The seeds for the Bob Rumball organizations were planted long before Reverend Robert Lesley Rumball took up the cause. In 1872, The Ontario Mission of the Deaf was formed with the purpose of offering Sunday School classes to Deaf people in Ontario in a language they could understand. Overjoyed to finally have their language and needs recognized, the community was deeply passionate about the Mission. In 1924, after years of work, they opened the doors to their own church. The Evangelical Church of the Deaf became not merely a place to worship, but a focus point for the Deaf community where they could gather, socialize, and pray in their language.
The Ontario Mission of the Deaf was run by the Deaf, for the Deaf – but when a Deaf pastor was not available, they were quite willing to accept a hearing one. In 1956, they extended an invitation to a young former football player named Reverend Robert Rumball to fill this role. Rev. Rumball accepted the position and became their strongest advocate.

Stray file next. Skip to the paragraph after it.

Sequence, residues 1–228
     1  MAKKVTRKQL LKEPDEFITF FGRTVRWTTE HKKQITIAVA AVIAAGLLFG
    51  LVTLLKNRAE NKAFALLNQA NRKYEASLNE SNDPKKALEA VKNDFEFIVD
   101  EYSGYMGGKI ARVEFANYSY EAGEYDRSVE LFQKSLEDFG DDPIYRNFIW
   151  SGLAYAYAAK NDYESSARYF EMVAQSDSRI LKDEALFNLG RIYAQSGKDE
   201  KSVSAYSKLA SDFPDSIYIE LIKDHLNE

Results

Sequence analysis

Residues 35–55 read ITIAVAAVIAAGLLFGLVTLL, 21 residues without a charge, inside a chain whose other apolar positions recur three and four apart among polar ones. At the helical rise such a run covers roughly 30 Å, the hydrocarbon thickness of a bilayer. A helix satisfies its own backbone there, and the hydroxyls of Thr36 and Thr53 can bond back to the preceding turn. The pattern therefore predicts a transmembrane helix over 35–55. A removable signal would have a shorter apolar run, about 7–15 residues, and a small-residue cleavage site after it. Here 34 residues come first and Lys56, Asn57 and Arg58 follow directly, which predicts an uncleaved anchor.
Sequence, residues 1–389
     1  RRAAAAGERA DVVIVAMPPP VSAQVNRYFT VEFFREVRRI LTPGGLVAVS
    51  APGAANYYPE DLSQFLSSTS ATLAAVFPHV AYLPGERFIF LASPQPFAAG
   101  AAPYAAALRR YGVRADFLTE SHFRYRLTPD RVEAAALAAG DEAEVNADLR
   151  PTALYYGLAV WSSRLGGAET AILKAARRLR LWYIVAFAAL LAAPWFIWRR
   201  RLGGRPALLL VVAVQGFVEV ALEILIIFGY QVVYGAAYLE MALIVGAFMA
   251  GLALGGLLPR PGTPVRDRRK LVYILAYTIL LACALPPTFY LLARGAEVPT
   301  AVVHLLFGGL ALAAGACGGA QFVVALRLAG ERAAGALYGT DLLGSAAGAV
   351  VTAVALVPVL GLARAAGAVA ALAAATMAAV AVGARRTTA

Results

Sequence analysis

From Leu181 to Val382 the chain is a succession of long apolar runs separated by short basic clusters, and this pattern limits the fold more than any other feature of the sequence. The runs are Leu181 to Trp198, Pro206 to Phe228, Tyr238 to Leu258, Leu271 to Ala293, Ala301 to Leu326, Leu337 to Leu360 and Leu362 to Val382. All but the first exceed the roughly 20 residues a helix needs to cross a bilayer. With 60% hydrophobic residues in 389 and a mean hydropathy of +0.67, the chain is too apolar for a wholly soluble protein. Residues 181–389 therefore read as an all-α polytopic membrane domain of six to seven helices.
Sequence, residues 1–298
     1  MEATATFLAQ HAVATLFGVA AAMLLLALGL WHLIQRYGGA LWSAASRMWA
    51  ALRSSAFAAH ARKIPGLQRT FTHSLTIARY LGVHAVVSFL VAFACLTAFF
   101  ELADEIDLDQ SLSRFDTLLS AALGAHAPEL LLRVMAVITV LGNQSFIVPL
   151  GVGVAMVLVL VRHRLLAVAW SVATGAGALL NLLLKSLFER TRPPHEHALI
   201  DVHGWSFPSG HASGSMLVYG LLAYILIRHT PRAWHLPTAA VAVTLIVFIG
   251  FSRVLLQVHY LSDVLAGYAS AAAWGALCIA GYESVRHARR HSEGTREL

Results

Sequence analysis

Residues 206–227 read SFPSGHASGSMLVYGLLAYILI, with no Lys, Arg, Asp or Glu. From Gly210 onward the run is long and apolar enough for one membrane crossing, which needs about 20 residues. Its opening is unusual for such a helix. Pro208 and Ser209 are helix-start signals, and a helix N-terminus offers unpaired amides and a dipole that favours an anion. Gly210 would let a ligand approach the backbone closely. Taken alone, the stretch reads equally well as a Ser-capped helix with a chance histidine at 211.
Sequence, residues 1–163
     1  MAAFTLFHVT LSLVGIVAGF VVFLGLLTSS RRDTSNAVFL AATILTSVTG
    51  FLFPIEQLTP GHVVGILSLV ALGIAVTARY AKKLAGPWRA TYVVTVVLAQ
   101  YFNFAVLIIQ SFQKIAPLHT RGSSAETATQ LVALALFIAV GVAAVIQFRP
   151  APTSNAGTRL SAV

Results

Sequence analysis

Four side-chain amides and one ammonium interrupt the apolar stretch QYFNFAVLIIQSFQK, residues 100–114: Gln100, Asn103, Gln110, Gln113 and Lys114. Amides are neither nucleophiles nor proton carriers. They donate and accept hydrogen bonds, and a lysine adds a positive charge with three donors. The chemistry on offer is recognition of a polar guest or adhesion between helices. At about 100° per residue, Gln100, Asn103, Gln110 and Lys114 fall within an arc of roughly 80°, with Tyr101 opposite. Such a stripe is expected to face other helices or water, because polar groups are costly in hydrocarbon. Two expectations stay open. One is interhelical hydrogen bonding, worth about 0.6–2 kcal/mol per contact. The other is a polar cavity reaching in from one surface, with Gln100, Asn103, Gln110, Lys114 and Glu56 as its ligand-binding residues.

Frequently, as a hearing pastor, he was called upon to act as the ears and voice of church members in legal, social and medical situations. This made Rev. Rumball painfully aware of the challenges, prejudices and discrimination his deaf friends so often faced. Determined to help, Rev. Rumball went to the Deaf community and asked them what they most wanted, and how he could help.
Their overwhelming answer: SPACE OF OUR OWN
Rev. Rumball had his mission, and so he and the Deaf parishioners began a fundraising campaign to construct a community centre specifically catering to the Deaf. In 1979 they opened the doors to the multi-purpose Bob Rumball Centre for the Deaf, which has offered a home to the Deaf Community and provided programs and services to those requiring support for over 30 years.